Navigating the Stormy Waters of Business Flood Insurance
Navigating the Stormy Waters of Business Flood Insurance
Understanding flood insurance can feel like a tidal wave of information. Although flood coverage sounds like a relatively simple concept, there are several key factors to focus on. With this guide, you’ll be able to assess whether or not flood coverage is something for your business to consider.
First, let’s cover the how and why of flood insurance:
- What does flood insurance cover?
- “Flood insurance covers damage to your building and contents caused by flood. This includes losses resulting from water overflowing from rivers or streams, heavy or prolonged rain, storm surge, snow melt, blocked storm drainage systems, broken dams or levees, or other similar causes.”1
- Is flood covered on the typical property policy?
- No, flood insurance is not included on a standard property, general liability, or umbrella policy.
- Do I have to buy flood coverage?
- This depends on many different factors, including whether or not you have a mortgage or a lender. If you are in a high-risk area, the lender may require you to purchase coverage in order to protect their insurable interests. There are other factors to consider as well. Is the property near a body of water, and are there levees protecting you from a body of water? Are you located in an area that is at a basin or a sunken area that has potential to flood? These are all questions to consider.
- Is there a way to check if I’m in a high-risk flood zone?
- Yes, there is! The best place to start is FEMA’s website, which is listed at the bottom of the article.
- Who can I purchase flood insurance from?
- This will depend on the location of the property. The government created a National Flood Insurance Program (NFIP) to help provide coverage for anyone that wants to purchase coverage. There are private insurers that also can provide coverage, depending on location.
- How much are you able to purchase?
- Typically, you can purchase up to $500,000 for the building and up to $500,000 for contents.
- What if I have more than $500,000 in my building or contents?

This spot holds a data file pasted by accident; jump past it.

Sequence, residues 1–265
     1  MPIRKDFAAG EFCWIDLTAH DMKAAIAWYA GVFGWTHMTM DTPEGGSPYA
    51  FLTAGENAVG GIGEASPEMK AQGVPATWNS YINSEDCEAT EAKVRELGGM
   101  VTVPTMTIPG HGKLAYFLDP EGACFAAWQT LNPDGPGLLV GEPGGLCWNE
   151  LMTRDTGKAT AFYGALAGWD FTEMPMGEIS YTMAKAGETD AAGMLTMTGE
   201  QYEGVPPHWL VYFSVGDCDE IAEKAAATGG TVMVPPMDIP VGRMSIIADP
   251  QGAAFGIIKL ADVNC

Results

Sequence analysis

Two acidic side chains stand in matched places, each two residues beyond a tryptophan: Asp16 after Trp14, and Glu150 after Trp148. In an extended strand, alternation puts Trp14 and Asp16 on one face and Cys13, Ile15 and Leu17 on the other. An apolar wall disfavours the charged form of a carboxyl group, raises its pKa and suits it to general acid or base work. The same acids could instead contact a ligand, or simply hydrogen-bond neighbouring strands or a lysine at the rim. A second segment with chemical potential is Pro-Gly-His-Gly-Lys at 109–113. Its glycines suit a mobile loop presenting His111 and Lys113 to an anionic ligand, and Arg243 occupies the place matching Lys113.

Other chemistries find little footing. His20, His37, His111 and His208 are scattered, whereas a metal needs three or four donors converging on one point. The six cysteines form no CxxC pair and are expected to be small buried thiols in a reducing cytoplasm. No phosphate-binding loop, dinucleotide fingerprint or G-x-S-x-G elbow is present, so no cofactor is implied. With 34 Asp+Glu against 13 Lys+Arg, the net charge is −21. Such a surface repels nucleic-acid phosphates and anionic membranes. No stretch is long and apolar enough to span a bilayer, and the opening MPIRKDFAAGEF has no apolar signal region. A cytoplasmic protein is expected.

- If you require higher limits, reach out to your agent, and they can either go through the NFIP or a private insurer to provide additional coverage.
BUsiness Flood Insurance in Dallas, TX
Now we have the how and why, but what about the “where”? You’re ready to check your property on the FEMA website. Unfortunately, the government doesn’t give you much help because what should be an easy task now turns into trying to translate the alphabet soup that is “flood zone type.” Let’s take a look at the types of flood zones that you will come across.
- What are flood zones?
- They are the land area that could be covered by flood waters. FEMA has placed more than 20,000 communities in the United States in flood zone categories. All insurance carriers rely on their flood mapping to determine the overall risk of flooding at any location.
- High-Risk Areas
- Typically, this means that there is a 1 in 4 chance that flooding will occur during a 30-year period of time. They are shown on flood maps as A or V.
- Moderate- to Low-Risk Areas
- These areas have a reduced risk of flooding but not completely removed. Over 20% of NFIP claims are from these areas. Federally, flood insurance is not required in these areas but is recommended. These areas are labeled with the letters B, C, or X (or a shaded X)
- Undetermined Flood Zones
- These are areas that FEMA has not conducted a flood risk survey. These areas are labeled with the letter D on the flood maps. 2
Now that we’ve got the basics for flood zones, the areas are given additional labels by the Special Flood Hazard Area (SFHA). These labels are defined as having a 1% chance of being equaled or exceeded in any given year by flood. The 1% annual chance flood also means 100-year flood. 3
|Flood Zone A||Mandatory flood insurance and floodplain management standards apply|
|Flood Zone AE, A1-30||Mandatory flood insurance and floodplain management standards apply|
|Flood Zone AH||Mandatory flood insurance and floodplain management standards apply|
|Flood Zone AO||Mandatory flood insurance and floodplain management standards apply|
|Flood Zone AR||Mandatory flood insurance and floodplain management standards apply|
|Flood Zone A99||Mandatory flood insurance and floodplain management standards apply|
|Flood Zone V||Mandatory flood insurance and floodplain management standards apply|
|Zone X (shaded), B (moderate risk zones)||The area has been determined to be outside the SFHA. There is minimal flood hazard.|
|Zone X (unshaded), C (low risk zones)||The area has been determined to have a minimal flood hazard outside the SFHA|
Now that you have all the information, how do you use it? The first step is to go to the FEMA website, https://msc.fema.gov/portal/home. Type in the address of the location in question. Use this guide to determine whether or not your location is at risk for a flood based on the map. Also consider other factors such as nearby levees that could fail or bodies of water that could present a storm surge risk. Once you’ve reviewed your exposure, or if you want more guidance reach out to Tower Street Insurance, and we can help assess your risk and provide coverage.
Reach Out to Us Today For a Free Audit of Your Business Flood Insurance!
Our passion is protecting your passion. We would love the opportunity to give you a free audit of your current business insurance, including business flood insurance. Contact our team here at Tower Street Insurance or call (469) 788-8888 today.
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